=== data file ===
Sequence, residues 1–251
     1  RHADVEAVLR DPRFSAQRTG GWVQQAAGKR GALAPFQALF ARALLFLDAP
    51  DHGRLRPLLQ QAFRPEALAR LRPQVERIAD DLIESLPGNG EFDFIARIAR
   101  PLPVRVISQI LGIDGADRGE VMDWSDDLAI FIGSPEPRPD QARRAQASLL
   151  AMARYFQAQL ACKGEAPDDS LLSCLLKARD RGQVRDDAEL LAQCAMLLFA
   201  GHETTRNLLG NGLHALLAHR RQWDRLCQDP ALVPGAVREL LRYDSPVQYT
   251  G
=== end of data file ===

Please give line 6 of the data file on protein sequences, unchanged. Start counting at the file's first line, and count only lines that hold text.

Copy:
   201  GHETTRNLLG NGLHALLAHR RQWDRLCQDP ALVPGAVREL LRYDSPVQYT